Fully automatic folding soft top and suspension with active functions
The newly designed electrohydraulic fabric top with which the SL was equipped as standard offered a particularly high level of operating convenience. Simply by operating a switch, the soft top could be opened or closed within 30 seconds. Perfect operation of the roll-over bar under the closed soft top was guaranteed. The standard hardtop was made of aluminium, and despite larger windows weighed just 34 kilograms, about 10 kilograms less than the coupé hardtop of the previous model.
As an optional extra, a newly developed auxiliary system was also available for the SL suspension, representing the most advanced suspension technology realisable at the time and combining three subsystems. Sprung mass vibrations were reduced in accordance with vehicle load, road conditions, and driving style, which virtually represented a preliminary stage of the active suspension that reached production maturity in 1999 in the model series C 215 Coupé.
Throughout the years the R 129 became available with a variety of different engines. The top-of-the-range model was the 600 SL/SL 600 with V12 engine (290 kW/394 hp, from June 1993 onwards called the SL 600), which was launched in October 1992. The most powerful engine in the passenger car sales range provided brilliant performance and was the epitome of smoothness and turbine-like power delivery. Above all, its composed handling in the high speed ranges and the impressive and simultaneously refined manner in which it reached top speed were characteristic of the 600 SL. Those still unsatisfied with the output and prestige afforded by the eight and twelve-cylinder engines could turn to AMG in Affalterbach. Over the years it too produced several SL models with powerful drive systems and an overall very sporty focus. The highlight from 1999 was based on the SL 600 and came in the guise of the Mercedes-Benz SL 73 AMG, rated at 386 kW (525 hp).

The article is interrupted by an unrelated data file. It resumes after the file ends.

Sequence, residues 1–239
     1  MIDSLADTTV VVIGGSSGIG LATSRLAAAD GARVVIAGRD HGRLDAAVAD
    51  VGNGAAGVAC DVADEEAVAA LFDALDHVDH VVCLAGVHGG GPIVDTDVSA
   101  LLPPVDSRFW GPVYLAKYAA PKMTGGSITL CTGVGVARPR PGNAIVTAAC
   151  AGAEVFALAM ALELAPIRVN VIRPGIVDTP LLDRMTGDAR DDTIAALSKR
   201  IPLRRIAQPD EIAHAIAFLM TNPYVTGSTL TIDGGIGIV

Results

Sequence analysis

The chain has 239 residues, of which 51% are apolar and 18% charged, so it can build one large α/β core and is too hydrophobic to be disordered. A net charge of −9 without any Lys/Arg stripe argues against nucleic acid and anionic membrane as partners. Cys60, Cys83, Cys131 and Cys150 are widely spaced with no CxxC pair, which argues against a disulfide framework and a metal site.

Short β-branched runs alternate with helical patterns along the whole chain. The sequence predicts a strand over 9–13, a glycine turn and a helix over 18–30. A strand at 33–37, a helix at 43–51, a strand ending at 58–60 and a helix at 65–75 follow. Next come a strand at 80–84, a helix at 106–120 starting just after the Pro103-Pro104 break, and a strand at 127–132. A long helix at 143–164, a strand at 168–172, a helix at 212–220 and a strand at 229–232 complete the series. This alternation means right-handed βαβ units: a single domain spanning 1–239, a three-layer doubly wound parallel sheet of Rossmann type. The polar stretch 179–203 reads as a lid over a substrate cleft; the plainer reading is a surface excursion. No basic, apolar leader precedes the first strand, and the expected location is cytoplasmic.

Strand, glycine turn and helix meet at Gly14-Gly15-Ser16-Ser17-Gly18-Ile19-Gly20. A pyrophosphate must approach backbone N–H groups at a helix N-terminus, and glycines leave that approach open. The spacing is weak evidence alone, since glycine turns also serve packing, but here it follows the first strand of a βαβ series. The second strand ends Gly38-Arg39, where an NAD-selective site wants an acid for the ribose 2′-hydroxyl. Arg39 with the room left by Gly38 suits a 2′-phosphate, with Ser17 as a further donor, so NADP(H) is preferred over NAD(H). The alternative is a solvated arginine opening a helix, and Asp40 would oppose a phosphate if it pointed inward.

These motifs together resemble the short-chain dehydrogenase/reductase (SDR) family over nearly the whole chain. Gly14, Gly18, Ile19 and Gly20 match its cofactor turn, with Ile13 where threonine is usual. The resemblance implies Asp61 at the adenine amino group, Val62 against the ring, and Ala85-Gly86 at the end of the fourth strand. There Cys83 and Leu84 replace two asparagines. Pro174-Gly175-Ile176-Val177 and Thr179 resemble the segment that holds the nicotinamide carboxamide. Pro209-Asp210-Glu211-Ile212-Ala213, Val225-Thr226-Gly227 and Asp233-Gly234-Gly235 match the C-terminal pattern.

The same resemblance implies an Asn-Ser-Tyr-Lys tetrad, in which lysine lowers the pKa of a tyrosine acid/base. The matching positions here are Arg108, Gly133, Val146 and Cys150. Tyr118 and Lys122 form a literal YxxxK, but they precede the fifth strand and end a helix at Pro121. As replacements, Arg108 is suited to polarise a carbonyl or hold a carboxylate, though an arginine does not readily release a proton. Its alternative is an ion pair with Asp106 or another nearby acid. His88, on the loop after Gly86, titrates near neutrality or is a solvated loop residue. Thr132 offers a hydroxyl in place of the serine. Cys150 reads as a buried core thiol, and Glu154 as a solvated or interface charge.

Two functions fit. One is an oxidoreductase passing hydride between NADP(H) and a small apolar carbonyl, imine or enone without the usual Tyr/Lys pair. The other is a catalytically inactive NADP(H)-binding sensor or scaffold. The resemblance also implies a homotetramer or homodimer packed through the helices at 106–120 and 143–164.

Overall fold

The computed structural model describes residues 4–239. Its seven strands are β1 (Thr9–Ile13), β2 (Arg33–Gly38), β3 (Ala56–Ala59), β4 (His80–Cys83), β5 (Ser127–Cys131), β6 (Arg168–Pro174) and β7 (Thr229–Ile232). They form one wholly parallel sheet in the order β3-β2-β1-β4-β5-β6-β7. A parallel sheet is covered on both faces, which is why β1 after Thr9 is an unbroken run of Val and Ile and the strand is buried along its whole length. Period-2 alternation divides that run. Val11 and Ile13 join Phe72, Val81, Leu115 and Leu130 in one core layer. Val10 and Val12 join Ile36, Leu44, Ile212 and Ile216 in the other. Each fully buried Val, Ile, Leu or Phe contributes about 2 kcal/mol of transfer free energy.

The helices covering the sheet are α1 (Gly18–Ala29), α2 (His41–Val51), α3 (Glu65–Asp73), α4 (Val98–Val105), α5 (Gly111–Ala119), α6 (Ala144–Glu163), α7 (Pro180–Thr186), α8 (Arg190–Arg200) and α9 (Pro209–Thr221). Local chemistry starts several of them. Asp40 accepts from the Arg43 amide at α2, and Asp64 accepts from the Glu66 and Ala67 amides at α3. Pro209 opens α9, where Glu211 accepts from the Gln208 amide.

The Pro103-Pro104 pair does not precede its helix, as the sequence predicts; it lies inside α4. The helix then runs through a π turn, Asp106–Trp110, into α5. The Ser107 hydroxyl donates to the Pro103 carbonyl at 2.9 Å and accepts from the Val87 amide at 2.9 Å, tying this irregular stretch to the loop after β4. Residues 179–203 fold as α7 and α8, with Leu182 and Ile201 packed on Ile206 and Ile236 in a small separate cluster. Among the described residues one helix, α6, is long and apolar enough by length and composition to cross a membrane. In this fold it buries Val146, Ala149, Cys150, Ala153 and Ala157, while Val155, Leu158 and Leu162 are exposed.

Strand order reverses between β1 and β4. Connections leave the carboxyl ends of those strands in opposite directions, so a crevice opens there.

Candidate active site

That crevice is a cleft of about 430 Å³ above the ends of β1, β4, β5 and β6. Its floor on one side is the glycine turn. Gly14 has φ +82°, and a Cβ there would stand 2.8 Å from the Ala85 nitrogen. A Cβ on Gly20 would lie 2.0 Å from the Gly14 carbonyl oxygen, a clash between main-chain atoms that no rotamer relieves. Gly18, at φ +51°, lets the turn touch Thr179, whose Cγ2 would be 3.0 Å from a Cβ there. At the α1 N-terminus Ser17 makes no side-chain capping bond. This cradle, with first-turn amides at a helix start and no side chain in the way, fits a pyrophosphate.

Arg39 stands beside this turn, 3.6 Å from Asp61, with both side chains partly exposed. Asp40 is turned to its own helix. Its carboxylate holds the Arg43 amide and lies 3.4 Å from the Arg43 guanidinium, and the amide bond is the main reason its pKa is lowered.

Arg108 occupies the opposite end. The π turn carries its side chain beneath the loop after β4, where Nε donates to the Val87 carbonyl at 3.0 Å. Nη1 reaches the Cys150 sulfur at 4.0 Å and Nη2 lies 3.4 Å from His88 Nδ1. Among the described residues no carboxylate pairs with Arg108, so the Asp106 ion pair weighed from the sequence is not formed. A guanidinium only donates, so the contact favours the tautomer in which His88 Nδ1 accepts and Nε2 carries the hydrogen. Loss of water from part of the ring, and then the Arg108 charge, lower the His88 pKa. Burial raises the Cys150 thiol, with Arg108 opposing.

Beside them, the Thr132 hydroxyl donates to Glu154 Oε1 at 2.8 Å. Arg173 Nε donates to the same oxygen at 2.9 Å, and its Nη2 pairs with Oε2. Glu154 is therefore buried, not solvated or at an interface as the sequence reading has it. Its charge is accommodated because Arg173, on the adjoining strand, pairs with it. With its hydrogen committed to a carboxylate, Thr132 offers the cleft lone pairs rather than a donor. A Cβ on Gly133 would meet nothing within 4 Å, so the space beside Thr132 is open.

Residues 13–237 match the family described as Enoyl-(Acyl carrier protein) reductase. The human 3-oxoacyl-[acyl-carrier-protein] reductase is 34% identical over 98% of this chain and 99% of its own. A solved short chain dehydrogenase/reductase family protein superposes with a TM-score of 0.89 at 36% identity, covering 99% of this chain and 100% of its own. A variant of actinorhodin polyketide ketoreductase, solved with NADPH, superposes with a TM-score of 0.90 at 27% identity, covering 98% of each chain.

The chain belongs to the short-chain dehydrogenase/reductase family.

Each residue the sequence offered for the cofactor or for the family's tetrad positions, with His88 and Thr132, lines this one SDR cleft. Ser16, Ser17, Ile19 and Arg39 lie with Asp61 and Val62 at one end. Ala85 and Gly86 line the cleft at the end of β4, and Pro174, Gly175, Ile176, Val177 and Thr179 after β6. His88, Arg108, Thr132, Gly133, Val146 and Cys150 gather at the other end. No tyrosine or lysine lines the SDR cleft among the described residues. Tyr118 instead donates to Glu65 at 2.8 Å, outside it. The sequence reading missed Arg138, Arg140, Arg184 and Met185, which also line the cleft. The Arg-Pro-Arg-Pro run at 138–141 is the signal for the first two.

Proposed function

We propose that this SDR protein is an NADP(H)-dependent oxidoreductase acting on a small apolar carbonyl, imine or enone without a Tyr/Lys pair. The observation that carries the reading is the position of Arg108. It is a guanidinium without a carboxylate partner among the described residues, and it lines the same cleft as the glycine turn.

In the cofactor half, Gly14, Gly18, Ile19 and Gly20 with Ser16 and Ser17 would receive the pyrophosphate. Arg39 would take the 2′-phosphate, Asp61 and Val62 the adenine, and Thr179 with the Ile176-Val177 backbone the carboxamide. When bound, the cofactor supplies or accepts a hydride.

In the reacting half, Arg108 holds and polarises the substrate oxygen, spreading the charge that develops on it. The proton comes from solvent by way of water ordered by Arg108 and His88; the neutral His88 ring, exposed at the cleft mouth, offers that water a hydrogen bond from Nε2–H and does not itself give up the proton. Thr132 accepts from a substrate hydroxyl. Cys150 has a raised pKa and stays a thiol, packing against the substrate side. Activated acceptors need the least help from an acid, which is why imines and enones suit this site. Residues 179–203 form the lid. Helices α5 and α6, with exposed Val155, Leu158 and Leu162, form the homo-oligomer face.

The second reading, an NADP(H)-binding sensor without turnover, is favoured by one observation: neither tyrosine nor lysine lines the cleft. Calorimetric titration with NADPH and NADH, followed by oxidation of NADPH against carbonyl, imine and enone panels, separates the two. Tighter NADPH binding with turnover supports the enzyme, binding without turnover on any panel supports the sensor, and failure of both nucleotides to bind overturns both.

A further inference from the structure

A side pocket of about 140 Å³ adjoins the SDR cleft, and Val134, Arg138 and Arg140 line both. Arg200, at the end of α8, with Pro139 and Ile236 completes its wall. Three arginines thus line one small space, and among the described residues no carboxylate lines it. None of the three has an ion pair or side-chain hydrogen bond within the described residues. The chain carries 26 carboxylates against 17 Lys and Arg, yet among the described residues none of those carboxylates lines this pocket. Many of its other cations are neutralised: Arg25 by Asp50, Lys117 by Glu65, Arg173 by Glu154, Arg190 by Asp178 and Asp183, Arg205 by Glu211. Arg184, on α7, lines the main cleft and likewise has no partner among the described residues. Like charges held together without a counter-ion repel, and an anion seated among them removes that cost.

Two facelifts (1995 and 1998) ensured that the R 129 remained fresh. One feature which celebrated its premiere in the SL with the 1995 facelift was the Electronic Stability Program ESP®, designed to assist the driver in critical driving situations. With this system, sensors detect and compare the steering angle and yaw rate. If the movements do not match, the system is automatically activated. Individual wheels are braked separately in such a way that the vehicle is easier to hold on track. The popular R 129 was also the first SL available in numerous special series. In July 2001, the last of a total of 204,940 examples of the R 129 model series rolled off the production line at the Bremen plant, and its successor made an appearance in the same month in the form of the R 230 model series. In terms of overall volume, the R 129 was therefore not quite as successful as its predecessor from the R 107 model series with some 237,287 units produced over a period of 18 years. However, when comparing the average annual production, the R 129 model series is very clearly in the lead with some 16,500 units. The most successful model of this model series was the five-litre variant equipped with the M 119 four-valve V8 engine, of which a total of 79,827 were produced from 1988 to 1998. The rarest variant by far is the SL 280 with V6 engine, which served as the entry-level model for the model series from 1997 and rolled off the assembly line only 1,704 times.